The bribe or extortion problem is not only prevalent in traffic.  (Of course the word bribe is not used, but rather "tip", or "cooperation.")  We live in a new addition and there were no telephone poles or lines.  We had made several requests for phone service over a two-year period, providing all the information they requested.  Finally one day we saw a Telmex employee at the pharmacy.  We told him our problem.  He followed us home, took the information and asked for 4,000  pesos (about $400).  We gave it to him.  He "couldn't" give us a receipt, so we had to trust him.  Sure enough, on Monday a crew was out here installing the poles.  Later he came back for another 1,000 pesos for the cable (to pay the people in the warehouse?!). We know he collected at least 3,000 pesos from the other 3 people who got phones.  Okay, once again, the choices weren't great.  Our friends have lived  in a community near here without a phone line for 8 years.  We had to go into the city every time we needed to use the internet, which is our lifeline to the U.S.  It's done and we're very happy to have phone service and even happier to have DSL internet service.



Visits to the Instituto Nacional de Migracion (the immigration office) have been quite simple after the initial registration of residence here and our first visa renewal.  On both those occasions we had to make several return trips to the INM office to accomplish what should have been a simple process. Since then a change of personal and equipment at the INM office have made things much easier for us.

The type visa we have is an "FM3 Rentista" visa.  It has to be renewed annually, proving each year that we are receiving the required amount of money each month.  No additional paper work is required to keep our vehicles legal.  We keep a copy of our current FM3, plus a copy of the applicable law in each vehicle and show it when are stopped as proof that our status is legal.







All the lots in our addition are 10,000 square meters ( 2 1/2 acres), and are designated in our contracts as farm land with a residence allowed.  There are 6 of us who have buildings on our lots.  Two of them have a business on their property and a third one was going to, but amazingly when John pointed out the restriction in the contract, he backed off.


Things like required licenses, car insurances, and many other "rules" are not taken seriously.  This view of life makes us crazy at times, but we realize it is also this attitude that gives Mexico its laid back atmosphere.  When we got to the border with our motorcycle we were told it couldn't be imported because the engine size had to be at least 1000 cc's.  The engine on ours is only 250 cc's but it looks bigger because it's a V twin.  When the next agent came in and looked at it (and couldn't find any where on it what size it was), he wrote down 1000 cc's and we imported it.  What drives us play-by-the-rules people crazy also works in our favor sometimes.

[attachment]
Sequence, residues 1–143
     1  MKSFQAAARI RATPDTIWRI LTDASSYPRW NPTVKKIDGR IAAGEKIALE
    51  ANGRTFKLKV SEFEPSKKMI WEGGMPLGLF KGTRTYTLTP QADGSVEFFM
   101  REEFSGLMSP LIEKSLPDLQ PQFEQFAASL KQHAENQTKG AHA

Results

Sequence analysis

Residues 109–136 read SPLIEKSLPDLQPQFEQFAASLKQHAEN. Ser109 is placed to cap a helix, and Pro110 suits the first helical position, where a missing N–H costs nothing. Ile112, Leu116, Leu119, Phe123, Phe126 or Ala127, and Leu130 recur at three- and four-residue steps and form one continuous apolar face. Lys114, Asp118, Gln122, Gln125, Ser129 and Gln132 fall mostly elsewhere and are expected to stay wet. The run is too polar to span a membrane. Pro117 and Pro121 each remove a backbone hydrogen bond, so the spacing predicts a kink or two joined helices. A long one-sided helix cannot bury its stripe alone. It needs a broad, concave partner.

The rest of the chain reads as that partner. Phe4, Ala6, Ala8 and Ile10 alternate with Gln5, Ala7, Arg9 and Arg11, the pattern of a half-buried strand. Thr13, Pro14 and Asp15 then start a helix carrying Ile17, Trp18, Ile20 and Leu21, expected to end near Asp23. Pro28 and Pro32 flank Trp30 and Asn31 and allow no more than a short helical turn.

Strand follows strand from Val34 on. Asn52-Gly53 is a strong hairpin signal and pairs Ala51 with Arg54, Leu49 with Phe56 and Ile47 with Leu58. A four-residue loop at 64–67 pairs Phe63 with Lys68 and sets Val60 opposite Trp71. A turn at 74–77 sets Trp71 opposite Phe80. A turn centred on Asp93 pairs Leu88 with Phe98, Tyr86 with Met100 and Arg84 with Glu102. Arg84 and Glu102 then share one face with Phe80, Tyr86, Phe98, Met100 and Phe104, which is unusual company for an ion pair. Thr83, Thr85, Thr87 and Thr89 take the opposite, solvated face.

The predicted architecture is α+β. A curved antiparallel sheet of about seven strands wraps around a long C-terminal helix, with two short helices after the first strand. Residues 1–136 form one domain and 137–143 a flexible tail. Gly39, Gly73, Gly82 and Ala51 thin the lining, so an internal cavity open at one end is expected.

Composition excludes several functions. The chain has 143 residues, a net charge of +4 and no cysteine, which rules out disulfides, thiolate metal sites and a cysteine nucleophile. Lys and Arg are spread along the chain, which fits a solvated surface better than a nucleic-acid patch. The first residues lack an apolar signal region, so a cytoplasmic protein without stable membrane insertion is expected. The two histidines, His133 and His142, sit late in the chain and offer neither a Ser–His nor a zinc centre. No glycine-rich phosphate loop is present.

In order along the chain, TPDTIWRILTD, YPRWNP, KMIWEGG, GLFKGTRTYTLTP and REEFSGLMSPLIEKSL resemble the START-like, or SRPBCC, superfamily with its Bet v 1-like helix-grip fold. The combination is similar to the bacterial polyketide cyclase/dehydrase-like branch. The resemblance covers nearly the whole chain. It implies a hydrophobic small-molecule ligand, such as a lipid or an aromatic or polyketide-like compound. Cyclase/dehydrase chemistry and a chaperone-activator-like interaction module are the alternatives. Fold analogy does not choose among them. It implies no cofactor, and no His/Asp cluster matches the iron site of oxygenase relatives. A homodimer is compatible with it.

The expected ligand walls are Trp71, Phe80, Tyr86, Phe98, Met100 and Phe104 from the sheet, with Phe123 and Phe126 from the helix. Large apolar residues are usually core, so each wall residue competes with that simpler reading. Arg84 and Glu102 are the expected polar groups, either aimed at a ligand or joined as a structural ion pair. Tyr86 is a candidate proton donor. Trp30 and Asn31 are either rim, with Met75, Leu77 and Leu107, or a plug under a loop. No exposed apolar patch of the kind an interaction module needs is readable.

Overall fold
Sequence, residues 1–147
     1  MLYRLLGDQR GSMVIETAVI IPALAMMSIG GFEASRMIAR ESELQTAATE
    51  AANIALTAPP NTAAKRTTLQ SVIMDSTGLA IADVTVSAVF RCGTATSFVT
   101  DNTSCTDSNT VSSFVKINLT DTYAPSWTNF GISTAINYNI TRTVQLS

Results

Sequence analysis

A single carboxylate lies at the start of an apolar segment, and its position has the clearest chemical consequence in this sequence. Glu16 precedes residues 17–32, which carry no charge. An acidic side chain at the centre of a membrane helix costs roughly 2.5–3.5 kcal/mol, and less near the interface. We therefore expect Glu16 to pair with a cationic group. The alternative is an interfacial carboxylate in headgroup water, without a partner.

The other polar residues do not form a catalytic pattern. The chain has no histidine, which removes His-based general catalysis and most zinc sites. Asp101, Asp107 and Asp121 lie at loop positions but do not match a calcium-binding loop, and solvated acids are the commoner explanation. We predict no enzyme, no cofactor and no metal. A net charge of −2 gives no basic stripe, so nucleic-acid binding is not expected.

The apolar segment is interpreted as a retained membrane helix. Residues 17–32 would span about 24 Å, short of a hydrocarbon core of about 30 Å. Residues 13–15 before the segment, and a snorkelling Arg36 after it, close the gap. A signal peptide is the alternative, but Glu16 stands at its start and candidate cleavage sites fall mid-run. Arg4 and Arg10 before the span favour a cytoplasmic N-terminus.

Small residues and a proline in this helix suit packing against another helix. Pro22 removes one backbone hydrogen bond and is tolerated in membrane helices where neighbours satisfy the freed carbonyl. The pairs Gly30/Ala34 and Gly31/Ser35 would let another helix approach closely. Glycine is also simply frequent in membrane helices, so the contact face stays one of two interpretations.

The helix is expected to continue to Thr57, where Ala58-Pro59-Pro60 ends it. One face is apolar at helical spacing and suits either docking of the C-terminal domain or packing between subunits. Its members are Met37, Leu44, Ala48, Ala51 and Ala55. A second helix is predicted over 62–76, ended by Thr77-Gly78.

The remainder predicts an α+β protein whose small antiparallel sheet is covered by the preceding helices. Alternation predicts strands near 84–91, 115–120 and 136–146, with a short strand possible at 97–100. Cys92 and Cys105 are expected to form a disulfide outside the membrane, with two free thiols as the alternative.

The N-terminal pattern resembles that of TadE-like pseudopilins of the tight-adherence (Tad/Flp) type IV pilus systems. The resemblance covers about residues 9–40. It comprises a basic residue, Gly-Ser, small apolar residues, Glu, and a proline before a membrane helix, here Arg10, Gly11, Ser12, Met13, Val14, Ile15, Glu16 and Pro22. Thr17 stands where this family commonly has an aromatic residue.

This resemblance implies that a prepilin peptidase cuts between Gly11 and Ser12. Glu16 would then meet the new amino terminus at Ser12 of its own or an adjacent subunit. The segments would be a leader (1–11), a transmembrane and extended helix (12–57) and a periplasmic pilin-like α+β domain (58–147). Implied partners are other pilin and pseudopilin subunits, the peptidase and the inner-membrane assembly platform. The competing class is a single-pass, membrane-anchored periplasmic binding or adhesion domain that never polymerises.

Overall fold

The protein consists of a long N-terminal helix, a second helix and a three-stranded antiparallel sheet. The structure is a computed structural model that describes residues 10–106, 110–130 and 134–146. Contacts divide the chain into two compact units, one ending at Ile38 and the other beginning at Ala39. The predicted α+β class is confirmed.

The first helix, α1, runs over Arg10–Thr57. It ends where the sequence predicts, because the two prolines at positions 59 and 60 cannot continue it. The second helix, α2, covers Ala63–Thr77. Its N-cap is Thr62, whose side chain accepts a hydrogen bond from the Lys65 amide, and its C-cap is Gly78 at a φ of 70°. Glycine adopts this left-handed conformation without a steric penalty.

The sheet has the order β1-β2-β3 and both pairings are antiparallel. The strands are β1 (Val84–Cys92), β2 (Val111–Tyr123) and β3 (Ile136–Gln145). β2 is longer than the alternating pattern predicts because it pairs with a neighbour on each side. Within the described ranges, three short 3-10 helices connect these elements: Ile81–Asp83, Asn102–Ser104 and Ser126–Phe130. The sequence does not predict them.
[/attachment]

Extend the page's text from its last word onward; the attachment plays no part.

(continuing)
It's always a good idea when ordering  food at a retaurant to ask how "hot" it is.  "¿Está picosa?"  I love "ceviche" which is a seafood tostada and I had eaten it at a restaurant as an appetizer, but it was such a small portion I wanted more.  When John took me out to a seafood restaurant for my birthday I ordered it as my main entree.  I forgot to ask about how "picoso" it was.  Oh, my, I coughed and choked with tears running down my face because it was so hot!  There's always plenty of hot sauce available which can be added if more is desired, but it's impossible to remove it from food.



To us who are accustomed to the Caution signs in traffic situations, the "Precaution" signs here kind of make us chuckle.  However, driving here is not really something to be taken lightly.


The first surprise to the newly-arrived expat is that stop signs are taken to mean, "Kind of look to see if anything is coming and then proceed", or they are ignored completely.


To most native drivers, a red signal is taken quite literally, except if it's in the process of turning red, many sneak through OR if it's about to turn green, to many that means GO.


The scariest practice in my estimation is that of turning from the wrong lane.  The other day John and I witnessed the record of all those incidences we had seen.  A car turned right from the FIFTH lane to the left (in front of four lanes of traffic!)



Perhaps it would be better to give even greater attention to walking than has been given to driving.  The sidewalks of most cities in Mexico look like a lot of law suits waiting to happen.  (Fortunately Mexico is not a litigious country like the USA.)  However, beware because unless one watches his feet as much as where he is going, it is so easy to trip or fall over one of the many obstacles protruding  out of the sidwalks or buildings or by the irregularities in the level of the sidewalk, or holes therein.



Supermarkets are off-limit for John and me on weekends.  The circus atomosphere drives us nuts.  Apparently it's more like a  weekend outing for many  Mexicans.  The whole family participates as mom, grandma, dad, kids, and aunts all  group together and stroll down the aisles, visiting and discussing each product as they go.  All the while  the  various  processed meat  and bread  vendors  set  up  their  tented  kiosks in the aisles, with their loud, obnoxious music volume turned to high while their employees beckon to customers to buy their wares.  Oh, yes, weekdays are the time to shop at the supermarkets!

Best wishes to all in your Mexico adventures!